Both of these games are outstanding in their own way. The imaginative, rich and evocative language of Eat Me. Turandot’s writing is just as rich, but in a different way. In then end, it comes down to moments. While the narrative heft of Turandot is awesome, there are so many moments in Eat Me.

Eat Me takes it, but my, that was close.

Counterfeit Monkey vs. Blue Lacuna
This is proper. This is a fantasy match-up. Mike Tyson vs Muhammed Ali sort of thing? Who’d win? Who’s the GOAT?

What else can I say about these games that hasn’t been said. It comes down to which I like more. They’re both huge. They’re both outstandingly well implemented and written. The stakes are high. Do I prefer the wordplay and complex puzzle systems of Counterfeit, or do I prefer the more narrative driven story-based Lacuna?

For me, it’s Blue Lacuna. There. I’ve said it.


Updated metrics on fan commentary…

Top 5 most cheering fans (excluding myself and mathbrush’s reviews):

virtuadept	36
McTavish	14
FLACRabbit	11
Hellzon		10
rabbit		6

Top 6 most cheered-for eliminated works:

Suveh Nux								7
City of Secrets							4
4x4 Archipelago							3
Chlorophyll								3
Harmonia								3
Will Not Let Me Go						3

Cheers per division:

Division 1		51
Division 2		37
Division 3		14
Division 4		27

EDIT: Also, the second interview with @AmandaB has been posted.


There’ve been lots of matches where I haven’t played both games, but this one’s finally given two matches that I can have an opinion on.

Turandot vs Eat Me
Because of the way I am, I keep a list of all the IF games I’ve played ranked by how much I like them, so I can dip into it when the Top 50 rolls around. Turandot and Eat Me are both in the top 20, and they’re right next to each other in the rankings.

I love Turandot. It was my pick to win IFComp 2019. The writing is just so much fun, tackling the, uh, imperfections of the original source material head on, adding tons of great jokes, and riffing on the extectations of interactive fiction and the Choicescript format (what it does with the Stats page is an easy trick but I’m still a sucker for it).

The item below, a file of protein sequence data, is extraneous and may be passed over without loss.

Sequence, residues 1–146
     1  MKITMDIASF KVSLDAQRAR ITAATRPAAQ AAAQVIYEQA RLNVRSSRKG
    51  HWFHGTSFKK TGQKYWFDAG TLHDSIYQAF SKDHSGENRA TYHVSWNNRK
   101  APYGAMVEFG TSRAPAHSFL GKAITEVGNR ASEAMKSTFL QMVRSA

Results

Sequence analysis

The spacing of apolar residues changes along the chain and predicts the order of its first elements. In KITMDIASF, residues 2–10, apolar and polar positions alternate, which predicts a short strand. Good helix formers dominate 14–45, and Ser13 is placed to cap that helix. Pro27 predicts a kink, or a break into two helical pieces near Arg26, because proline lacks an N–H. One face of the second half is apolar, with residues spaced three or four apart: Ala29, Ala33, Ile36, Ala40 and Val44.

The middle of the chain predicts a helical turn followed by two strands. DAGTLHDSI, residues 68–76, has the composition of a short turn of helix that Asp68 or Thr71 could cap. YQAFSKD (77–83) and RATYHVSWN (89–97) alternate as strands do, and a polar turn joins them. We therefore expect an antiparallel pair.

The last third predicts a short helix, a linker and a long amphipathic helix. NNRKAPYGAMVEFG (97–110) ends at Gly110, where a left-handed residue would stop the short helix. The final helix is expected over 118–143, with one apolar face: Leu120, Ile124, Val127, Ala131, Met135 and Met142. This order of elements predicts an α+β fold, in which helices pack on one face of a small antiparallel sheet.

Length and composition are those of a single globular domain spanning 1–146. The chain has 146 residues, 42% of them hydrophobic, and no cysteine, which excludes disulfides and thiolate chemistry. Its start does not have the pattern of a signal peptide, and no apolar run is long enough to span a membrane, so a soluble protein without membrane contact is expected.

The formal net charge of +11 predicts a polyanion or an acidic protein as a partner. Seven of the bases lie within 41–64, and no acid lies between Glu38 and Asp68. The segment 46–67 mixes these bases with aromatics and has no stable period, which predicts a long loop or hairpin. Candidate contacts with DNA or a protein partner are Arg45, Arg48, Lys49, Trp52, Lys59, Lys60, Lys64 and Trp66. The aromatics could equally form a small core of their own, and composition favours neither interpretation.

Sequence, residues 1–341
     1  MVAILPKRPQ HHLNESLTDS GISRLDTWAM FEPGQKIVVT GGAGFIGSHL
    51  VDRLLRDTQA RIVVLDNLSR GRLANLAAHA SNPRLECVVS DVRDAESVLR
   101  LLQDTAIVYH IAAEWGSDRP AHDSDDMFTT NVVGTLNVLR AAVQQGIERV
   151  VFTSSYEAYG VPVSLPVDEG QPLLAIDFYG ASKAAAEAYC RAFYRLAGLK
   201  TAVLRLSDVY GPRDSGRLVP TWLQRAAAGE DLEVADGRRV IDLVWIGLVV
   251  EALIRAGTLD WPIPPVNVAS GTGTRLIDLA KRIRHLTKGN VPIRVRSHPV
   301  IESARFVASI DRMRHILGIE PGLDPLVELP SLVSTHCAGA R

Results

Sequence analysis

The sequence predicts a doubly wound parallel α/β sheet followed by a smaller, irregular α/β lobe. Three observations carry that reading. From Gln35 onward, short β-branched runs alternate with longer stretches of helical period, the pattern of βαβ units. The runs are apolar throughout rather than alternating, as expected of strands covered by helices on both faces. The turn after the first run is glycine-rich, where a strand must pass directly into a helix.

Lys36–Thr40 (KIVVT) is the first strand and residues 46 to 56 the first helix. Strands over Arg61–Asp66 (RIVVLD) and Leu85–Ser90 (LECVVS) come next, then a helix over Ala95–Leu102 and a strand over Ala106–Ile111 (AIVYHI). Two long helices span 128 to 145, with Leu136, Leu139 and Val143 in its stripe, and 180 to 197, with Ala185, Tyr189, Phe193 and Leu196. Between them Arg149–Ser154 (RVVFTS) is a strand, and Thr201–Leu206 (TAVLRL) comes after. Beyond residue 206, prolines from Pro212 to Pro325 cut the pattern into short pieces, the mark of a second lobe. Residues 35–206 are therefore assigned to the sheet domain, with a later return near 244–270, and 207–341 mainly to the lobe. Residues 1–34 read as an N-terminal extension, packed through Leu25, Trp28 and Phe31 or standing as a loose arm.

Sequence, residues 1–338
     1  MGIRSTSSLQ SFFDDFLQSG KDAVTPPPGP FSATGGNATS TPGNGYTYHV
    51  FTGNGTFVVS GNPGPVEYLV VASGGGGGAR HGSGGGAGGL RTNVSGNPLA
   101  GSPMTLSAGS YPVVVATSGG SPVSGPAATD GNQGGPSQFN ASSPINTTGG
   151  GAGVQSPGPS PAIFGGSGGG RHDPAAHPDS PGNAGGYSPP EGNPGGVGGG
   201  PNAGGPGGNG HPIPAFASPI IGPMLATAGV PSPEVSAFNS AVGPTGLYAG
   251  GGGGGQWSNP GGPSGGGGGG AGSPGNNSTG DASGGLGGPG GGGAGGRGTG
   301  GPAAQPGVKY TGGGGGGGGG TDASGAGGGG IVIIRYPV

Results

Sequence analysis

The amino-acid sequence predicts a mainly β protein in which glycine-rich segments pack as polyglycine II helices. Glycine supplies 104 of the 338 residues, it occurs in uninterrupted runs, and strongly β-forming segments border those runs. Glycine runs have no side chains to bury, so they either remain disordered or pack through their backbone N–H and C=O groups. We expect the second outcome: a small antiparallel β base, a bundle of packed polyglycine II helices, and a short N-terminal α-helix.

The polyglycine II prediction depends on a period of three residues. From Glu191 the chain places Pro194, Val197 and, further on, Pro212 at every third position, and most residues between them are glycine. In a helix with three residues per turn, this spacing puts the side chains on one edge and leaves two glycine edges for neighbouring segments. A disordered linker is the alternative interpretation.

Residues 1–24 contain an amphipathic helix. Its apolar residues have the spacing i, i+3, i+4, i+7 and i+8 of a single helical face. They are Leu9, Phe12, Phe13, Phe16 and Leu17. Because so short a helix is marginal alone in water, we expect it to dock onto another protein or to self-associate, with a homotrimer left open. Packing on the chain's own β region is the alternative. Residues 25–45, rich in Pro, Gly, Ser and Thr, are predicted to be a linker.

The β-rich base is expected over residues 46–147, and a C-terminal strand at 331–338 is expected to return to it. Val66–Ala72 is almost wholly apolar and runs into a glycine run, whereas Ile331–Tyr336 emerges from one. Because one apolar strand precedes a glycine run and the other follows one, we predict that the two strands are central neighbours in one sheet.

The writing in Eat Me is fun in almost the exact opposite way - rich, sumptuous descriptions combined with a compelling narrative voice that’s enjoying the action far too much. It’s a testament to the writing and gameplay that this game about food people in a food castle is one of the most disturbing and gory stories I’ve ever seen.

I have Eat Me just above Turandot in my rankings, and that’s the way I’ve gone this time too. But I consider them to be two of the very best IFs ever (that I’ve played), and it’s tragic that one of them has to go this early.

The Impossible Bottle vs Junior Arithmancer
Impossible Bottle is a really sweet story and a deserving IFComp winner. It’s got one centrepiece puzzle which I have to say fooled me, but which I admired after the fact - it’s so devious, but at the same time so head-slappingly obvious. The bit with the dinosaur is also very good.

But I cannot resist the siren call of a good maths puzzle, and I really really enjoyed unpicking Junior Arithmancer. It felt very good to work out what the colours meant. It’s one of those games like Threediopolis where I want to forget how it works so I can enjoy solving it again.

Another one where I could go either way. I went with Junior Arithmancer in the end.


Midnight. Swordfight vs. The Wizard Sniffer

  • Oh look, it’s the second and third pig-themed game in this division. Pity Sub Rosa got eliminated.
  • I binged both this evening. That’s how captivating they both are.
  • I keep getting Chandler Groover and Ryan Veeder mixed up. I know it’s the names, but I though Veeder was the one with a stronger taste for the grotesque. And then I played Swordfight. Not so much.